Mysteries of distant solar systems will never cease to amaze us. When we still ponder over what lies beyond our very own Milky Way galaxy, astronomers have discovered a strange planet that would make Luke Skywalker's Tatooine look behind the times. Unlike Skywalker's home planet, which had two suns in the sky, the newly identified world orbits a three-star system.

Dubbed “HD 131399Ab,” the planet has been discovered by a team of astronomers led by the University of Arizona in Tucson, using direct imaging. The planet travels around its central sun in an orbit twice as large as Pluto’s, which makes it by far the widest known exoplanet with a multi-star system.

“For about half of the planet's orbit, which lasts 550 Earth-years, three stars are visible in the sky, the fainter two always much closer together, and changing in apparent separation from the brightest star throughout the year,” said Kevin Wagner, a first-year PhD student at the University of Arizona and the first author of the study, published in the journal Science Thursday.

Located about 340 light years from Earth, HD 131399Ab is believed to be nearly 16 million years old, making it one of the youngest exoplanets discovered to date. The planet, which is four times as massive as Jupiter, is also believed to be one of the coldest exoplanets with a temperature of about 1,070 degrees Fahrenheit or 580 degrees Celsius.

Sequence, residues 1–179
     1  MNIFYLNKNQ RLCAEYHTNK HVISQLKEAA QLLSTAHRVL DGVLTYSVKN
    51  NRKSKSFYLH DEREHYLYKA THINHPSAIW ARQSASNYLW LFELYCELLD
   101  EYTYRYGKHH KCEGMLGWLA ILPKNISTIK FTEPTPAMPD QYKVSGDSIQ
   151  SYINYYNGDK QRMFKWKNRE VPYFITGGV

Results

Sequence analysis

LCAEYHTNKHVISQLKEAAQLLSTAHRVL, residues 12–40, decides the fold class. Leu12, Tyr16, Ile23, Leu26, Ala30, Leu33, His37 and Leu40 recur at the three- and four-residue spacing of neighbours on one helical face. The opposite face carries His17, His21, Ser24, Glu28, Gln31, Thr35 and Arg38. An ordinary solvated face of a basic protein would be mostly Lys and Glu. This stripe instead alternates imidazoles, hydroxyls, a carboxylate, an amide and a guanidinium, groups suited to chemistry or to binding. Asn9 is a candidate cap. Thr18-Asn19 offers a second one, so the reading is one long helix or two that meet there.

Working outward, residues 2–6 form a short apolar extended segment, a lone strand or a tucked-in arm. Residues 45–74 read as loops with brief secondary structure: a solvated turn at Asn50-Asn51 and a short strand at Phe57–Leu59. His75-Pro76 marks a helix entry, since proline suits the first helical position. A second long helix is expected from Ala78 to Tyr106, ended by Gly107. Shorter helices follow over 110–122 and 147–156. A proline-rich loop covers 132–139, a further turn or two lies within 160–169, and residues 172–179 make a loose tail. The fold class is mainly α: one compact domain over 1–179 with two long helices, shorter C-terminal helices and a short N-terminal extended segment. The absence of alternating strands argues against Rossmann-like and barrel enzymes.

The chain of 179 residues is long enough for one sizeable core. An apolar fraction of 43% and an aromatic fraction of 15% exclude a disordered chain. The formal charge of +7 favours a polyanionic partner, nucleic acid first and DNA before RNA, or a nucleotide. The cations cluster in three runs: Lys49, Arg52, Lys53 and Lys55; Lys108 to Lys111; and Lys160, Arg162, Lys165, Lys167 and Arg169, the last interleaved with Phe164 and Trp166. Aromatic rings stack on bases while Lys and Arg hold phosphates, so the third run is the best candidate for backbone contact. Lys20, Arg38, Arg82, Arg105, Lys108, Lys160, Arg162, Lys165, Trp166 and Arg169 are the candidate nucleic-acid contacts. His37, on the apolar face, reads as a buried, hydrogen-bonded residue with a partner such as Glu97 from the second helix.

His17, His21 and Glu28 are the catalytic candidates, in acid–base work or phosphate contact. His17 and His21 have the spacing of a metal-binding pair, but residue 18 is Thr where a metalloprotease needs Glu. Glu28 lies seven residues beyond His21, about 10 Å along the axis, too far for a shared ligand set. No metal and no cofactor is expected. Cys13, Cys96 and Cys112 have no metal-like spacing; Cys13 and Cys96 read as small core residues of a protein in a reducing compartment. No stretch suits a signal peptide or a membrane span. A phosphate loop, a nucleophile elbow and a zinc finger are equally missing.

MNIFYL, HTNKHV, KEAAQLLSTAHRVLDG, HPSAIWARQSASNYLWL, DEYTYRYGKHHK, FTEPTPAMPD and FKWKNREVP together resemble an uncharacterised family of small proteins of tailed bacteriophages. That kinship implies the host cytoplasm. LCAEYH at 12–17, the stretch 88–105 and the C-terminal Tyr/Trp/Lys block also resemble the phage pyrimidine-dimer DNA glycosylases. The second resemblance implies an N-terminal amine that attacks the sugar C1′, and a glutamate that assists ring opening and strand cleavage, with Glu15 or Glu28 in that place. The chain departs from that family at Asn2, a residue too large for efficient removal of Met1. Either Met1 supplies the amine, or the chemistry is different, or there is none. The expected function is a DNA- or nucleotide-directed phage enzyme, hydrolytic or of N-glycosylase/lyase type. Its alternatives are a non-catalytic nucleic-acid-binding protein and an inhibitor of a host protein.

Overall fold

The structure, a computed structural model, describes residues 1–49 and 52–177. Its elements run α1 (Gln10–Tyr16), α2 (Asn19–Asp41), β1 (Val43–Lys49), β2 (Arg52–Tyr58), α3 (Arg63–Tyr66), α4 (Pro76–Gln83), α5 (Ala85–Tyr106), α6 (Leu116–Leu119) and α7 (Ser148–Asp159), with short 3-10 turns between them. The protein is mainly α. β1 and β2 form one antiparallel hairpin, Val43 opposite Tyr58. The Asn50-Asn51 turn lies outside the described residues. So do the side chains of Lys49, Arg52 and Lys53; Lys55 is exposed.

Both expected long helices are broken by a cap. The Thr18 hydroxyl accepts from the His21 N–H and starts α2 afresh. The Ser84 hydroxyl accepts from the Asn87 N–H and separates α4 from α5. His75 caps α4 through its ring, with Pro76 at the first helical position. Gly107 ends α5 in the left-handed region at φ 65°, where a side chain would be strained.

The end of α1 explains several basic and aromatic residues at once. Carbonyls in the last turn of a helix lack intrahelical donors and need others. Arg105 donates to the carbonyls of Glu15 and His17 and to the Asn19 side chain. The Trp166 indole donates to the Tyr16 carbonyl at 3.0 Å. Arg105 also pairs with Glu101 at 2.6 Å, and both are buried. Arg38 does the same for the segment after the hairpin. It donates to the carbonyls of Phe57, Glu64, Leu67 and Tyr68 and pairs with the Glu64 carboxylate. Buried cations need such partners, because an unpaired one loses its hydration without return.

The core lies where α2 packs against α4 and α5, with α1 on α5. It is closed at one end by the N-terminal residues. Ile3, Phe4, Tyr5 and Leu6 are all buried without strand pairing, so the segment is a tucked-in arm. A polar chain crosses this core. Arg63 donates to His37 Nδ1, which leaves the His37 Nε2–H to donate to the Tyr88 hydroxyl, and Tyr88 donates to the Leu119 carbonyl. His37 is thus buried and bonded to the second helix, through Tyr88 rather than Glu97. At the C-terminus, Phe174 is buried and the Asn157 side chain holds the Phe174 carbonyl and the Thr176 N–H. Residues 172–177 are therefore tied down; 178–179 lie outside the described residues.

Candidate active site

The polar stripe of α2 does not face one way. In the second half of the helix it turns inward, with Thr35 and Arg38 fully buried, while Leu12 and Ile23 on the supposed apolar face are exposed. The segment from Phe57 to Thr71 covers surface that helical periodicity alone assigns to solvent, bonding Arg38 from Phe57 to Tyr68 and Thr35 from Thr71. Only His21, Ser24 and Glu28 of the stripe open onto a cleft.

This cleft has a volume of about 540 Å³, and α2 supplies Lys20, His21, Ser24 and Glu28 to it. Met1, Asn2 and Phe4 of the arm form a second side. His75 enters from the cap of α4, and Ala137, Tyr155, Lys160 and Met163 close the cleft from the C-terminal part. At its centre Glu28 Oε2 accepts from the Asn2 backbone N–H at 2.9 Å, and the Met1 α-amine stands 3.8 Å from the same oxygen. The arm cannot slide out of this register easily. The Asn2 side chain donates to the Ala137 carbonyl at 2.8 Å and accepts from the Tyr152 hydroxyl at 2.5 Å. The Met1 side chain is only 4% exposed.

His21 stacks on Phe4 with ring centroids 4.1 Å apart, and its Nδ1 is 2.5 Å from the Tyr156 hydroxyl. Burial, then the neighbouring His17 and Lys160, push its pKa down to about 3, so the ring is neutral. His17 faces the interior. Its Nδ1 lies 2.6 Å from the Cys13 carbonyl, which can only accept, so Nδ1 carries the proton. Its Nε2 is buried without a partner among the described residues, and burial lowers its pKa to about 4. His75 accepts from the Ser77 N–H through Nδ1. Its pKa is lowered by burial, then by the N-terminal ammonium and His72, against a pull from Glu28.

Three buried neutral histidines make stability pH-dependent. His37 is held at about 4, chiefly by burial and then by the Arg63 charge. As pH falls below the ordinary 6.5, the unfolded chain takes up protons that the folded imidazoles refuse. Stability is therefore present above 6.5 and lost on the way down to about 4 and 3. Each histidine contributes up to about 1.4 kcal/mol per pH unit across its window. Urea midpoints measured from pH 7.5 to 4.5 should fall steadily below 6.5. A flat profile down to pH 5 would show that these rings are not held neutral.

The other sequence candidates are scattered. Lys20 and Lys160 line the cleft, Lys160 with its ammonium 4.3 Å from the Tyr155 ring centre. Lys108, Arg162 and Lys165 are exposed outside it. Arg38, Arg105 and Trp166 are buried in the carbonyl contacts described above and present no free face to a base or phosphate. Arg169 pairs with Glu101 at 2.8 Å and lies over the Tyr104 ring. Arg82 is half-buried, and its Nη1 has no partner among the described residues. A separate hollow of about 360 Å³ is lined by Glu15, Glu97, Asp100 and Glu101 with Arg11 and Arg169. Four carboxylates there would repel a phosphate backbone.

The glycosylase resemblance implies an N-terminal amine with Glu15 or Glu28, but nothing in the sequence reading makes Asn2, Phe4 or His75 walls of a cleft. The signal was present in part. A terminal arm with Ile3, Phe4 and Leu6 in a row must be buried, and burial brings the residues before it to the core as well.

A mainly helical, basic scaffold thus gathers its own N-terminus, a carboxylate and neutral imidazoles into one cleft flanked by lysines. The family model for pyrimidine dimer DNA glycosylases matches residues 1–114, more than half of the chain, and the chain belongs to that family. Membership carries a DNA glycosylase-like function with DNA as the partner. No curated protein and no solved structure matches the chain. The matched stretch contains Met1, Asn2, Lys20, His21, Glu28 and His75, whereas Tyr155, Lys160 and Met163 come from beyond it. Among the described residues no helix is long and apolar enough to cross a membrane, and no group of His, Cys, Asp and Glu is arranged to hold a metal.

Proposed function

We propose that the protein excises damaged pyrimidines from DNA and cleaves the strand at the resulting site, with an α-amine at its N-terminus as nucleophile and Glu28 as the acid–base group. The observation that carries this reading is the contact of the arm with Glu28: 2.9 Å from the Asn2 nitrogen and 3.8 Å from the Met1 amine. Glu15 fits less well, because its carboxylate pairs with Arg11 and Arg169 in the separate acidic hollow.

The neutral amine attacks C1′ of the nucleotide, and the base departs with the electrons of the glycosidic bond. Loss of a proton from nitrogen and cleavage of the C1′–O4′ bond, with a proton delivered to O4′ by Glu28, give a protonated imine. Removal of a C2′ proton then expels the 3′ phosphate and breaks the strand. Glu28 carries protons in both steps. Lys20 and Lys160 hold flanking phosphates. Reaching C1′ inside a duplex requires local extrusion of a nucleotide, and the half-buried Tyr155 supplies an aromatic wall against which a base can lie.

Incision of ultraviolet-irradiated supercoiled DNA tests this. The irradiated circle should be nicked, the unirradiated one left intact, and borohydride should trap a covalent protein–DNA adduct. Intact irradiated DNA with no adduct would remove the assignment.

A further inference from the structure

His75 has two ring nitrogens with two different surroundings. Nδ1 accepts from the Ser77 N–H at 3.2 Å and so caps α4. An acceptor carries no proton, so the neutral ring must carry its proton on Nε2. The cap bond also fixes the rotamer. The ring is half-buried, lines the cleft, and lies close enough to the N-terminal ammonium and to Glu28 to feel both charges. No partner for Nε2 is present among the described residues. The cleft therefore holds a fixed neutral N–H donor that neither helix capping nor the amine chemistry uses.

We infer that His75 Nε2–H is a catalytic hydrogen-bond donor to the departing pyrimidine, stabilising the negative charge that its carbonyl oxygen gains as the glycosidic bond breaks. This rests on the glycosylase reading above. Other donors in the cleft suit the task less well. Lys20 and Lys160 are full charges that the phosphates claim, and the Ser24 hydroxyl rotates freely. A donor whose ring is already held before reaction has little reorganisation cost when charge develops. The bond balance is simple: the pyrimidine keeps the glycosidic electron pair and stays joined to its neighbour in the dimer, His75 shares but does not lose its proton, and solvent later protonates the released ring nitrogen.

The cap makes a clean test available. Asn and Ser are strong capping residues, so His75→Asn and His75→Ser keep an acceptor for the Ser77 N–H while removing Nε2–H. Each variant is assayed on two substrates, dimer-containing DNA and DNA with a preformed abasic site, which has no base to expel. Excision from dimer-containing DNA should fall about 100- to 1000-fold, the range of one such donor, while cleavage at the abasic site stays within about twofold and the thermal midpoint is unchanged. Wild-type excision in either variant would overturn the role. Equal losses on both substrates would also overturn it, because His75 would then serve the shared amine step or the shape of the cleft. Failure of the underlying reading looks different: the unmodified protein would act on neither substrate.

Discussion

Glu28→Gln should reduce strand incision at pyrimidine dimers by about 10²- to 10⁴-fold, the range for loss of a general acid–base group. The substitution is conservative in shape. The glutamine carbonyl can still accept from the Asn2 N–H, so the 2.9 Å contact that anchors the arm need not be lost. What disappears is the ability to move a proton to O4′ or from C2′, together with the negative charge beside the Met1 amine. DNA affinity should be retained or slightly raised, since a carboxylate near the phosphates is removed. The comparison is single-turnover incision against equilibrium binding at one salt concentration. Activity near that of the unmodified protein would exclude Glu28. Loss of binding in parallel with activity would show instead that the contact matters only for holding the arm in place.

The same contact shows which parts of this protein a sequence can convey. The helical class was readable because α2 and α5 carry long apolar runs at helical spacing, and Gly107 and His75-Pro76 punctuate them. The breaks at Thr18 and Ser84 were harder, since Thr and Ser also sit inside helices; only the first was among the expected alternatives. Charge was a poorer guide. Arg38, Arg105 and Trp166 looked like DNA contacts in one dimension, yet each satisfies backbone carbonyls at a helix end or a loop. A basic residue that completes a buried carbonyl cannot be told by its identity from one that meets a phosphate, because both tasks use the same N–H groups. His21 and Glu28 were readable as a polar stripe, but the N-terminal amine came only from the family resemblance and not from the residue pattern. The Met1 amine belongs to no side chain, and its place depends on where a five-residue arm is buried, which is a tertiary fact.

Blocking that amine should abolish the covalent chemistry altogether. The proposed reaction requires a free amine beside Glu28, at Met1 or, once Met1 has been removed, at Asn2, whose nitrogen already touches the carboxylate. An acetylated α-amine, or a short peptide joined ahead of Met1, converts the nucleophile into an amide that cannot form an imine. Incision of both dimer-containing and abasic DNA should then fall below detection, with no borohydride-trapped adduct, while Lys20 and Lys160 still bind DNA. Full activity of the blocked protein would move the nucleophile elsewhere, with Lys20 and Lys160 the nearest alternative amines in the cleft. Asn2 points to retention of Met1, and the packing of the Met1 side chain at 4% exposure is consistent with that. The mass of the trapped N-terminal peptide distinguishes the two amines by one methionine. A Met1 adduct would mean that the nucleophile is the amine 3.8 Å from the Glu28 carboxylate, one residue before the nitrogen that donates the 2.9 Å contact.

“For much of the planet's year the stars appear close together, giving it a familiar night-side and day-side with a unique triple-sunset and sunrise each day,” Wagner said, adding that at some point the planet has a near-constant daytime that lasts for about one-quarter of its orbit, or roughly 140 Earth-years.

According to the scientists, it is not clear where the planet formed and how it ended up on its wide orbit. However, they believed that “there is more variety out there than many would have deemed possible.”